I'd suggest you actually read the three Compass Programme for Renewal books and then comment. It think you might find you agree with more than you realise - especially the book on Democracy - it has some radical ideas in, some of which are hard for instinctive the centralising tendencies to deal with. But is does provide food for thought.

Also you should reflect upon your almost knee jerk hared of Compassites as this is actually another form of factionalism. And I know you don;t like factionalism.

Compass may be further to the left than you would like but remember they are not the LRC and are loyal to the party. You should save your wrath for the LRC nutters.

2:24 am, March 20, 2008

Anonymous tim f said...

anonymous -

Compass must be relieved the LRC exists, otherwise they wouldn't be able to play the "we're not the dangerous nasty left, we're the cuddly well-meaning left" card.

By your definition of "loyal" (advocating a vote for Labour at elections) the LRC are just as loyal as Compass. I suspect Luke's definition of loyal includes total or near-total advocacy of the government's policies (be happy to be told I'm wrong), and under this definition both Compass and the LRC would be disloyal.

"the same reasons why I might support a good local right wing candidate in an election"

Why you MIGHT support a Labour candidate in an election? You seem to suggest you would only support a "good" and "local" right-wing Labour candidate in an election. Some of us who are probably further to the left than you on lots of issues would ALWAYS support the Labour candidate in any election, regardless of whether they were local or not (that's an electoral advantage, a reason why they might be a better candidate and a reason for voting for them in a selection, but surely not a condition on supporting a Labour candidate).

You're not doing a very good job of showing your loyalty.

10:57 am, March 20, 2008

Blogger E10 Rifle said...

"You should save your wrath for the LRC nutters."

Oh what a telling comment from our anonymous chum THAT is: encouraging Luke to concentrate his ire, not on the Tories who are alarmingly ahead of us in the polls, but on members of his own party. And you're clearly not aware of how often "LRC nutters" are accused by others on the left of being 'delusionally loyal' to Labour.

Well mate, while you're concentrating your fire on "LRC nutters", the rest of us have bigger fish to fry. Like, in my home city, stopping a racist public-school Tory buffoon becoming its mayor. At least Luke undertands that.

12:54 pm, March 20, 2008

Anonymous i hate compass said...

This Chuka really is a vile little toad. He's mates with both Miranda Grell and Lee Jasper, disgraceful, corrupt individuals who bring shame on the Labour party.

His selection is an absolute disaster for the party. One only need to look at his list of admirers to realise how wrong he is.

The man's an absolute disgrace, quite why he joined the Labour party is a complete mystery to me. Respect or the SWP would be better homes for him.

Isn't it funny how all this whingeing lefties tell us not to criticise Chuka, to support him, while they do nothing but criticise the Government and Tony Blair and Gordon Brown.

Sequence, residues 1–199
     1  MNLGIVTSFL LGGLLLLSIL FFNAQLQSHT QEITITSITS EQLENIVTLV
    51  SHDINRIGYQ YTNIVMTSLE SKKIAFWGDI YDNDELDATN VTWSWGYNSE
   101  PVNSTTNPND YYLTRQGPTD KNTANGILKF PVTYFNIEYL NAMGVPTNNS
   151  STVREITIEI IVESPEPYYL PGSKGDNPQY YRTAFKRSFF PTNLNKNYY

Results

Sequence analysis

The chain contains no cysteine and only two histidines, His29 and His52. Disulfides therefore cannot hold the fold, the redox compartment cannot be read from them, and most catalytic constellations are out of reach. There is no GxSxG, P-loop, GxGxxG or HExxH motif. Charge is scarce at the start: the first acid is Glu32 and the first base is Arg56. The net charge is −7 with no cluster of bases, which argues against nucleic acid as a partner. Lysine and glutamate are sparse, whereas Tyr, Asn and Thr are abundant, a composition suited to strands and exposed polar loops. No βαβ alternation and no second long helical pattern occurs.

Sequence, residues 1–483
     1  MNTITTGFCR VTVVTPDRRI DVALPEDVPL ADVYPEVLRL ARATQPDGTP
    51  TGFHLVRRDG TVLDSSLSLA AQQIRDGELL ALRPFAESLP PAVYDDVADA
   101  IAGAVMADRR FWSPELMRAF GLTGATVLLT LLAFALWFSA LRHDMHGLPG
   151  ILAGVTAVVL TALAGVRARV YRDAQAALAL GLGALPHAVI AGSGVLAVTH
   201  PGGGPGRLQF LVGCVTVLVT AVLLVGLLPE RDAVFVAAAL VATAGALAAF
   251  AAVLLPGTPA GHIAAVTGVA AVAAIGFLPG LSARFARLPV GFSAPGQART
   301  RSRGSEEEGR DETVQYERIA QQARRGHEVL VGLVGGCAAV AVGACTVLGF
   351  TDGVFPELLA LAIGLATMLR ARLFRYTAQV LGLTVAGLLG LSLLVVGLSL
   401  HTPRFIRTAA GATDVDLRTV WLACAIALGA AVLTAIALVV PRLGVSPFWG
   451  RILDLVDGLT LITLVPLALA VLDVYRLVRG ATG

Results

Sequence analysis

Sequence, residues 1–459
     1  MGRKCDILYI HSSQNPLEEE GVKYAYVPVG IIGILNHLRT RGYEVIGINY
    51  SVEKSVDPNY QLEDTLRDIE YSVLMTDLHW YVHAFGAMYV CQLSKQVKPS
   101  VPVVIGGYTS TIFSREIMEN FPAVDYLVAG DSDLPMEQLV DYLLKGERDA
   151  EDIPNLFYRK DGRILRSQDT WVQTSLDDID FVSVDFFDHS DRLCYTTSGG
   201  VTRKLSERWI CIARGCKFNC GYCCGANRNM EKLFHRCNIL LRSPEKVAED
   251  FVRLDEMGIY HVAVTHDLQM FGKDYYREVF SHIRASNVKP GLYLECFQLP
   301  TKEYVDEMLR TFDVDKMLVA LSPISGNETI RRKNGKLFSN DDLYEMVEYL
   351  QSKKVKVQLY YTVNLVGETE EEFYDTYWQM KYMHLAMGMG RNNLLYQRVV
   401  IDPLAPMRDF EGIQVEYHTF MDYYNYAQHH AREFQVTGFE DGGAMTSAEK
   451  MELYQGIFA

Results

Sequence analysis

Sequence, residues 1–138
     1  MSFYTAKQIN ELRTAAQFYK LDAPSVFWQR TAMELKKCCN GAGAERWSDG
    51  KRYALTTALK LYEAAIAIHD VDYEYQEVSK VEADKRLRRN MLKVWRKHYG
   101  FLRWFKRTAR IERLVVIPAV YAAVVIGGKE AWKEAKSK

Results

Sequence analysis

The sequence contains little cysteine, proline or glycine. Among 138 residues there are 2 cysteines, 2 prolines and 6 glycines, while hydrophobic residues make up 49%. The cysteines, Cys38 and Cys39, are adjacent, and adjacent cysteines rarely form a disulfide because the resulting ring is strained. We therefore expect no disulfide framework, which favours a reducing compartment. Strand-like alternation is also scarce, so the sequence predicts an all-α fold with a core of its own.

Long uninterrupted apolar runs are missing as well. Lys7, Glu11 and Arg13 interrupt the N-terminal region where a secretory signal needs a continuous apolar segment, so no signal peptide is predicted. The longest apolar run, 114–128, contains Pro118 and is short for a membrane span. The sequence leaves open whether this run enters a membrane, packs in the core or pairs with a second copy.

2:17 pm, March 20, 2008

Blogger Action said...

Spot on as ever.
But if you will allow me a little bit of internal analysis...
Anonymous is totally wrong to say that LRC supporters don't want Labour to win.
We are desperate to beat the Tories because we genuinely oppose privatisation, welfare cuts, cruel immigration laws, attacks on workers, and war.
The Labour right has very few policy disagreements with Cameron, but they fight like ferrets in a sack to keep their jobs in the quangocracy which would go to Conservatives if new Labour lost.
As even Luke has acknowledged on this thread people like Christine Shawcroft are in it for the principle not the pay packet.

6:27 pm, March 20, 2008

Blogger Richard Budd said...

when Steve Reed was involved in the decision to turn down the building of a new academy on the Thames Water site near Brixton prison, some party members said they would do anything they could to prevent him becoming the PPC after Keith Hill in retaliation.

I am, genuinely, curious if this was a factor. I saw the figures of the count, so I can see how tight it was, and maybe it's impossible to tell. Does anyone out there know?

2:36 pm, June 12, 2008

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1:16 am, August 07, 2008

Anonymous Streatham Online said...

Our main concern (at the moment) is whether Streatham is really ready for yet another 'Great Thinker' ; especially at this particular time.

What Streatham ultimately needs right now is an 'Action Man' who can urgently restore it to it's Former (Socio-Economic) Glory.

The other Streatham Candidate (Rahoul Bhansali) may (indeed) not necessarily be as flashy as Chuka Umunna ; but at least Rahoul does seem to be quite satisfied with the notion of comprehensively concentrating on Streatham's Fundamental Needs - rather than simply using Downtrodden Streathamites as a Formidable Launchpad for Higher Political Office (elsewhere).

10:07 am, April 22, 2009